This year, the scheme will more than double in size to support about 200,000 people each year. Professor Jonathan Valabhji, NHS's national clinical director for obesity and diabetes, said the program's success was "encouraging" but warned that there is more work to be done to combat obesity. He said: “About two-thirds of adults and one-third of children are now overweight or obese, leading to increasing rates of type 2 diabetes that we are now concentrating major efforts to prevent as part of our NHS Long Term Plan. .
“Helping people avoid diabetes can save lives, so these results are encouraging.
"But ultimately, the NHS cannot win the fight against obesity alone, which is why we are providing people with the tools to help themselves – changing lives and freeing vital NHS resources."
About four million people in the UK live with type 2 diabetes and the condition and its complications cost the NHS over £ 10 billion to treat each year.
Estimates suggest that the increasing number of people affected could result in nearly 39,000 diabetics suffering a heart attack and more than 50,000 strokes in 2035.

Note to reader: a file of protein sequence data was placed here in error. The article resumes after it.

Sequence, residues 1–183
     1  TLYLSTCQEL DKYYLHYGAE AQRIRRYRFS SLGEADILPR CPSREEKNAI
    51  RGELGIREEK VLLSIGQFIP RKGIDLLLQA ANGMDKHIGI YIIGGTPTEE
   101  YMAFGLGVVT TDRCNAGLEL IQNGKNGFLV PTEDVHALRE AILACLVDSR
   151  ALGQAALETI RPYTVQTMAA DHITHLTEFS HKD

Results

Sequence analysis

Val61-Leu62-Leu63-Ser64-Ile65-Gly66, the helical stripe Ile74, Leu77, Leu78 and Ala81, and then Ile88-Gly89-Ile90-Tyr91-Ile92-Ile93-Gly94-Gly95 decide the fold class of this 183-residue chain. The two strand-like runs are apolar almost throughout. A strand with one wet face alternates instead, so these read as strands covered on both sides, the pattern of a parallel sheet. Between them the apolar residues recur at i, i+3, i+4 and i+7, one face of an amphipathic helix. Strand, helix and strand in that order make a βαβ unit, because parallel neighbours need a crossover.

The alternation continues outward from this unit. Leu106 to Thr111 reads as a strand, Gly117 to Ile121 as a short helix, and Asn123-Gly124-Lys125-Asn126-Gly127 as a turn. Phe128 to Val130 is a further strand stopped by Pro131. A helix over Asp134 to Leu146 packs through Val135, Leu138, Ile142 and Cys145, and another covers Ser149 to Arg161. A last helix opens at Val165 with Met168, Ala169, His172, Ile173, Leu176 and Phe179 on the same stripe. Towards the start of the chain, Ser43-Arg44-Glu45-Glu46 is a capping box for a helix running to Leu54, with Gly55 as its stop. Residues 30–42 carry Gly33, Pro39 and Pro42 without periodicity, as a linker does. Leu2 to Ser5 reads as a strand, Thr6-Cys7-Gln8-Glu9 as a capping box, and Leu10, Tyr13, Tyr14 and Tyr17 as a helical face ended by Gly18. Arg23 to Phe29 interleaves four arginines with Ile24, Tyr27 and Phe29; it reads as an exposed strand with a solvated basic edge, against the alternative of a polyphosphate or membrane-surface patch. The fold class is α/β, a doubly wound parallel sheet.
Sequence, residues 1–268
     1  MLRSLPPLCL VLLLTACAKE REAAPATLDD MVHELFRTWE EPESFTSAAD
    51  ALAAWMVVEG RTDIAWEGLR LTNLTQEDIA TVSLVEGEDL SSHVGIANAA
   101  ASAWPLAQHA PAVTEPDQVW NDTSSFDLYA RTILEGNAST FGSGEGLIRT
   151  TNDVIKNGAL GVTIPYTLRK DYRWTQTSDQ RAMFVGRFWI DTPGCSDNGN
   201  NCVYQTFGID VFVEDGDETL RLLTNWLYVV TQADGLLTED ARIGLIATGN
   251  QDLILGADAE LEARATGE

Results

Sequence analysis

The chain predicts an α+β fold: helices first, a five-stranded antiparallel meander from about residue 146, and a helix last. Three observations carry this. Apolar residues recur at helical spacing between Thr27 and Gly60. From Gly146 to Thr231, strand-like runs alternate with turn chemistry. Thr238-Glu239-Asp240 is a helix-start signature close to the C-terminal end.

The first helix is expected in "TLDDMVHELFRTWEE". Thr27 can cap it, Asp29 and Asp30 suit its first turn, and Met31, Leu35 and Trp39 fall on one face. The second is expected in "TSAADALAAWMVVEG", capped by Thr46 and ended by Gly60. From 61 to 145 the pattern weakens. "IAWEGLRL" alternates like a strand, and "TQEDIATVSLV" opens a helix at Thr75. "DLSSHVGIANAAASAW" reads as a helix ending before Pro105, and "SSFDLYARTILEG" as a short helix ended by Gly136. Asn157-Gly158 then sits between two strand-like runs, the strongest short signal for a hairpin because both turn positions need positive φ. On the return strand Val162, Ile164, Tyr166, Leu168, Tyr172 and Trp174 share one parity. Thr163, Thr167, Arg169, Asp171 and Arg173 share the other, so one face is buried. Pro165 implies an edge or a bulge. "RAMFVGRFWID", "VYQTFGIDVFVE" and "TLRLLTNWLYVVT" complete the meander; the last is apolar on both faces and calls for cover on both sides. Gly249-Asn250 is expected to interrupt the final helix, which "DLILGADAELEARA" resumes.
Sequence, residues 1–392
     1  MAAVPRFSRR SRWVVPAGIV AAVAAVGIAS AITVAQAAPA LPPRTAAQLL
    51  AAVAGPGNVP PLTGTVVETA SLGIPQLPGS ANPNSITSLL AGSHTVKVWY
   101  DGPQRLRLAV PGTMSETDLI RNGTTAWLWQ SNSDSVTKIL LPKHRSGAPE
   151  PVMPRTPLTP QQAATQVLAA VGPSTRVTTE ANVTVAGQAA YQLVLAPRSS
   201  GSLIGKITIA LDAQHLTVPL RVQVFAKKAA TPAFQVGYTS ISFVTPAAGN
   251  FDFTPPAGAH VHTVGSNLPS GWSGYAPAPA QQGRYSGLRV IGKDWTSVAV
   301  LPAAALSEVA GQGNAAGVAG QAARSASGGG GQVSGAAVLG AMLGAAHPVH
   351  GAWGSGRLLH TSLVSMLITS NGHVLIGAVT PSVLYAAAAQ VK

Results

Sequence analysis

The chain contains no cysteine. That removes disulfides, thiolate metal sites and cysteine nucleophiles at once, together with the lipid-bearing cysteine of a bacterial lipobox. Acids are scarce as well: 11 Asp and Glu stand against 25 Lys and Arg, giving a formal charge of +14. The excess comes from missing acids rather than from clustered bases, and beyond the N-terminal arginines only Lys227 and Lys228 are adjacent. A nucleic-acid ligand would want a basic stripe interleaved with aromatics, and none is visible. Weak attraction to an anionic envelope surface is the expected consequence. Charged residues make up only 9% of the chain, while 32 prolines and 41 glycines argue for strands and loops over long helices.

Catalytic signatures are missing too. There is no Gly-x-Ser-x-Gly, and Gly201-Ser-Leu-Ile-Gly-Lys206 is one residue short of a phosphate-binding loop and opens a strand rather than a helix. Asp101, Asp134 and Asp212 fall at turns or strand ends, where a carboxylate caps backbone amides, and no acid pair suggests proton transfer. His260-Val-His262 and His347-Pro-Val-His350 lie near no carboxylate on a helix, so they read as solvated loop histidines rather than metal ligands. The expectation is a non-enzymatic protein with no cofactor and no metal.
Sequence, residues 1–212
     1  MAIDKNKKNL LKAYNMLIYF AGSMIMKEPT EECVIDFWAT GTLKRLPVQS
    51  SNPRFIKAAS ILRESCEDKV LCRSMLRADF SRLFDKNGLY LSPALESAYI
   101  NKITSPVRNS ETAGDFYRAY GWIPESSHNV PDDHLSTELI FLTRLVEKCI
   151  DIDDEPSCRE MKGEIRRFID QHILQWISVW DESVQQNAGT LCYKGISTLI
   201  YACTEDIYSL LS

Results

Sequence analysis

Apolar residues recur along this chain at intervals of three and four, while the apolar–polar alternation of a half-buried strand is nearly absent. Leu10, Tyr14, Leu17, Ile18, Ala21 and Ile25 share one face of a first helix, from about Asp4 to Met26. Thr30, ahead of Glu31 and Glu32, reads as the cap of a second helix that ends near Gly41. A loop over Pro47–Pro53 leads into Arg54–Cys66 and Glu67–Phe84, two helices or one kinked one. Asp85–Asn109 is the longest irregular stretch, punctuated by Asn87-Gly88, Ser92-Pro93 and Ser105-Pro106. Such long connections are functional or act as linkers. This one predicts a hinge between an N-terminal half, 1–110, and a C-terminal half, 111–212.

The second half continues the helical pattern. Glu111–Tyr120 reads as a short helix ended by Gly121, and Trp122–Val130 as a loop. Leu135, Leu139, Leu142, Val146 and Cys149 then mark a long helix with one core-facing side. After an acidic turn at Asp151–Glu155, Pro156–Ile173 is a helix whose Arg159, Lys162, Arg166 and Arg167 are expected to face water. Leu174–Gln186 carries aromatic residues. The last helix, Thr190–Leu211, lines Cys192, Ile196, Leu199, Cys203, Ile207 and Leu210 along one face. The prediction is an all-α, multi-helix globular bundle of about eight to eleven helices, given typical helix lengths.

The nine to 12 month program is designed to stop or delay the onset of the disease, helping patients make vital lifestyle changes.
Helen Dickens, Assistant Director of Policy and Campaigns for Diabetes UK, said: “The number of people living with obesity in England has almost doubled in the last 20 years. Because obesity accounts for 80 to 85 percent of your risk for type 2 diabetes, programs like these are essential to helping people prevent or delay the onset of the disease.
“The NHS Diabetes Prevention Program, however, is much more than just a weight loss program. It has helped thousands of people discover more about the risk of type 2 diabetes and take steps to reduce it. "
She added: "It's important to remember that weight is just one of the risk factors for type 2 diabetes.
“Others include ethnicity, family history and age.
"We recommend that everyone use our free Know Your Risk tool to find out their type 2 diabetes risk."
Public Health Minister Jo Churchill said: “The NHS is leading the way in tackling type 2 diabetes through this innovative national program, which is already getting encouraging results.
"Diabetes can have devastating consequences, but with this innovative service, we can help people make the necessary lifestyle choices and take control of their health."
Last year, the NHS launched a range of digital devices to help more people benefit from the program, including a wearable exercise monitor and an app to access health coaches and online support groups.
They were hired by nearly seven out of 10 people, compared with about 50 percent of face-to-face support, NHS England said.